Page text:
Short film about the King Eddy to be screened at the historic bar
At the King Eddy Saloon on Thursday night, LAVA will be screening a short film about the bar's patrons.
DOWNTOWN LOS ANGELES — On Thursday night at the recently sold Downtown dive bar the King Eddy Saloon, the Los Angeles Visionaries Association (LAVA) will be screening a short film about the bar's regulars.
The presentation is free and goes from 8 to 10 p.m. The 23-minute movie titled "Last One Left: The last skid row bar in Los Angeles and its patrons: a few brief life stories" was made by Polish filmmaker Alina Skrzeszewska, who grew up in Berlin and later moved into a residential hotel in Downtown.
Skrzeszewska lived on Skid Row, or "the Nickel" as she and many others have called it, and has made multiple films about her time spent there and the people she met. Her first feature documentary called "Songs from the Nickel" has been screened at multiple international film festivals.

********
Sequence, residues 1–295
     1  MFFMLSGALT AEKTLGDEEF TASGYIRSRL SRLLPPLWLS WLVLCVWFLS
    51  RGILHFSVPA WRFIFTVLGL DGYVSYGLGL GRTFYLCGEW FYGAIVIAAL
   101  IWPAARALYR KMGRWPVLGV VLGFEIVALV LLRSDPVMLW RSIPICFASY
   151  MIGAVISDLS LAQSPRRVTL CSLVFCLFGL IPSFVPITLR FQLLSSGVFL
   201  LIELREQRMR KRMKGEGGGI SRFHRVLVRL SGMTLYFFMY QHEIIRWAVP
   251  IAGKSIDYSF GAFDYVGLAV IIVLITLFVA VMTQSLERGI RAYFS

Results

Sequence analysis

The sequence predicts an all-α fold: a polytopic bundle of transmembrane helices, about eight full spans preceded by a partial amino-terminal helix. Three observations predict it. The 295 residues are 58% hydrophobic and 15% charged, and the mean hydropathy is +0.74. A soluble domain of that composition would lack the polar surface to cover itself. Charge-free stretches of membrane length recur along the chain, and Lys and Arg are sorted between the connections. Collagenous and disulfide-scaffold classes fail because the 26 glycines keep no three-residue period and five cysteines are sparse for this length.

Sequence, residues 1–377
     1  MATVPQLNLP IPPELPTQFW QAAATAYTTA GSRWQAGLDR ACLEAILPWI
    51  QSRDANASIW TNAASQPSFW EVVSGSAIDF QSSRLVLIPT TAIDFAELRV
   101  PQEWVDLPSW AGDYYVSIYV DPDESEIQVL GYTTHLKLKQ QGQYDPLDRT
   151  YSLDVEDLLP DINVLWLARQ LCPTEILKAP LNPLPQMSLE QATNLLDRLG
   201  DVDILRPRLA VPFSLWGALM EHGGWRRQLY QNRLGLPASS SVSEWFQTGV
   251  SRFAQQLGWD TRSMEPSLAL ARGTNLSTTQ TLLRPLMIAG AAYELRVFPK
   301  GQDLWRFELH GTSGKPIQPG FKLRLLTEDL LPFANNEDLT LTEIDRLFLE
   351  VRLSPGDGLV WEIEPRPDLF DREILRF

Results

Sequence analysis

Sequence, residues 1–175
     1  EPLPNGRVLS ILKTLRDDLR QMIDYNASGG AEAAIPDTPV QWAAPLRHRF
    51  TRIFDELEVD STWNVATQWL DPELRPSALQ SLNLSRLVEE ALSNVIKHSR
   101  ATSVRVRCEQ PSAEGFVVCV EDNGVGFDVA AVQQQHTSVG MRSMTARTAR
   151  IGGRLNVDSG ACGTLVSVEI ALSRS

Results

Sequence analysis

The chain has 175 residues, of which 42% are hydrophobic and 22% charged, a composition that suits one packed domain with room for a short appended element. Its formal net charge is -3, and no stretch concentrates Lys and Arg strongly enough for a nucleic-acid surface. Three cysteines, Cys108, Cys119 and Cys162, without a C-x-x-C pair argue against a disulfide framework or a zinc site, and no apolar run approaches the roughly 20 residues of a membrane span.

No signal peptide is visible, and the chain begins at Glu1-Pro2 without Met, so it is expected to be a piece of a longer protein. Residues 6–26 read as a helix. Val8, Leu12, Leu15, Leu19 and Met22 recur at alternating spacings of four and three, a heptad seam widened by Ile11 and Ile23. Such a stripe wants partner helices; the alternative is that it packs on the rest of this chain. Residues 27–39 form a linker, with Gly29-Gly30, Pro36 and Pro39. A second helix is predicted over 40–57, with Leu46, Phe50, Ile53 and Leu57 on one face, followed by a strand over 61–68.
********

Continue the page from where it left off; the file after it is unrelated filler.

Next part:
An excerpt from a statement by Skrzeszewska reads: The people who live on the Nickel are not simply victims, but subjects of their own lives. A beauty that stems from resilience of spirit speaks through their distinct faces, their language, their music and their movements. The Nickel can never be captured in just one narrative. What makes it unique is the intense clash of simultaneous narratives.
LAVA's co-founder Richard Schave says that he loves the King Eddy and has done extensive research into it's cultural and literary role in shaping downtown L.A.
His wife and fellow LAVA founder Kim Cooper, seconds his sentiments: "Anyone who cares about the fragile coral ecosystem that is the culture of this city should make a visit to the King Eddy this summer, while it's still under the Croick family's ownership," Cooper said on the LAVA website. "They've made a haven in a very hard part of the city where folks who don't have much money can feel respected and safe.
For admission to the free event, you can register here and then follow the instructions for signing up.